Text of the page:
Child care

For families with more than one child in care, the government will increase the maximum subsidy available for second and subsequent children in care from 85 per cent of costs to 95 per cent.

On top of this, families with household incomes above $189,390 will no longer have their annual payments capped at $10,560.

The changes are slated for introduction in July 2022, but Finance Minister Simon Birmingham told Nine Newspapers he would bring them forward if Labor supported the changes.

The government has announced changes to the Child Care Subsidy.

Aged care

The federal government says the budget will contain a comprehensive response to the aged-care royal commission. Reports suggests annual funding will be increased by $17.7 billion over four years – well short of the Grattan Institute’s recommendation of an extra $40 billion.

Discounted training

Tens of thousands of people will be offered free or low-fee courses under a 12-month extension to the government’s JobTrainer program.

The courses will be part-funded by savings from the $4 billion JobMaker scheme, which is facing the axe after failing to meet its job-creation targets.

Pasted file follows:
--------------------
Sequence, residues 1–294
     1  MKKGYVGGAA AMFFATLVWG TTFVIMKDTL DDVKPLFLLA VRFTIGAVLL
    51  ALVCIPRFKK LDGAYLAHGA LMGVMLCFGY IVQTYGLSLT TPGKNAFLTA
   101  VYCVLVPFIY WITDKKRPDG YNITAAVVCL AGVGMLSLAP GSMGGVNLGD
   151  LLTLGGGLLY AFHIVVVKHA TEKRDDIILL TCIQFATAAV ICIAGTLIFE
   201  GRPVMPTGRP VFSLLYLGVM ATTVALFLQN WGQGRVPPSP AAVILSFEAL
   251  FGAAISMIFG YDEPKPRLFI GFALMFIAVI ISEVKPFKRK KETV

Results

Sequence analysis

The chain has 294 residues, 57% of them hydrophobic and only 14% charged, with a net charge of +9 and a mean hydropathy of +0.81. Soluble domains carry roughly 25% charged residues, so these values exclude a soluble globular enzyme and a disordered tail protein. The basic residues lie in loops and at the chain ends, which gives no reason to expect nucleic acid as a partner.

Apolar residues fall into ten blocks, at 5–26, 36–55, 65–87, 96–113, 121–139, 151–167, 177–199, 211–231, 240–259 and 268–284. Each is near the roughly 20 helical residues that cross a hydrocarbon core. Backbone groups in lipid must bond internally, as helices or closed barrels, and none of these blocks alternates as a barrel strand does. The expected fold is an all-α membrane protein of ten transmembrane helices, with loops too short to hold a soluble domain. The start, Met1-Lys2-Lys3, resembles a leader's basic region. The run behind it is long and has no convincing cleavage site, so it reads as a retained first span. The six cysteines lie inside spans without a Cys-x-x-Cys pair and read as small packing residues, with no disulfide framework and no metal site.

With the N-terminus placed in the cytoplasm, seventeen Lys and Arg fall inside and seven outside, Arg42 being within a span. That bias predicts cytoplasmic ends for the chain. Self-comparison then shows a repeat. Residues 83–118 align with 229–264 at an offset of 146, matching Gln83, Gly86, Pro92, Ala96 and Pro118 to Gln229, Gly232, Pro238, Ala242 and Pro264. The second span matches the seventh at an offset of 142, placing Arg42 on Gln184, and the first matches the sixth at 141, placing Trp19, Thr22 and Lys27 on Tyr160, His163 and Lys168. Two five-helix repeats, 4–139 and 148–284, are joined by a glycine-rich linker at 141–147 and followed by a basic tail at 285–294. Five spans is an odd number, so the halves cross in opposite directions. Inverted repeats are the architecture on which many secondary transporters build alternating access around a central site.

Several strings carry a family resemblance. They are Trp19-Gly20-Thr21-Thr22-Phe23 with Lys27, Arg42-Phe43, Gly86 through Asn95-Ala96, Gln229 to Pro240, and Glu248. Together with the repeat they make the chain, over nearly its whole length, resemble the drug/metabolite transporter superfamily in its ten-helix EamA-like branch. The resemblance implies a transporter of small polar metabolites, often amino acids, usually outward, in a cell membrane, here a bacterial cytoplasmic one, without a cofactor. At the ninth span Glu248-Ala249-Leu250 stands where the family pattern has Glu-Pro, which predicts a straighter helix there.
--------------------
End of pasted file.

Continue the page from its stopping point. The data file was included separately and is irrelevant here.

Energy, digital skills and defence will also feature

Here’s a rundown of the other key measures that will make it into the budget:

  • You may have heard “the drums of war” beating. The government has announced an extra $747 million for defence training facilities in the Northern Territory
  • Elsewhere, the budget will include a $1.2 billion digital economy strategy that covers digital skills training, tax breaks for computer games developers, and funding for artificial intelligence. The investment also includes $200 million to enhance MyGov and $302 million for MyHealth digital records
  • Money will be set aside for the construction of a gas-fired power station in New South Wales, in addition to $539.2 million to support carbon capture and develop four additional hydrogen hubs. Some incentives for miners are also likely, and the Northern Territory is set to receive $30 million for renewable energy projects
  • When it comes to climate change, the government has said it will establish and award $600 million in initial funding to a National Recovery and Resilience Agency. Meanwhile, the Australian Climate Service will be set up at a cost of $210 million from July
  • Private colleges struggling without international students have been thrown a $53 million lifeline. And we can also expect a major investment in skills
  • A $250 million top-up is expected for the Building Better Regions Fund, which was linked to many rorts
  • An extra $190 million over five years should flow towards projects aimed at developing and improving digital connectivity in northern Australia, while Western Australia will receive $1.3 billion for road and rail projects
  • There’s also good news for booze: Small brewers and distillers will receive $255 million in tax relief
  • Finally, Minister for Agriculture David Littleproud last week announced an extra $371 million would go towards keeping pests and deadly diseases out of Australian farms.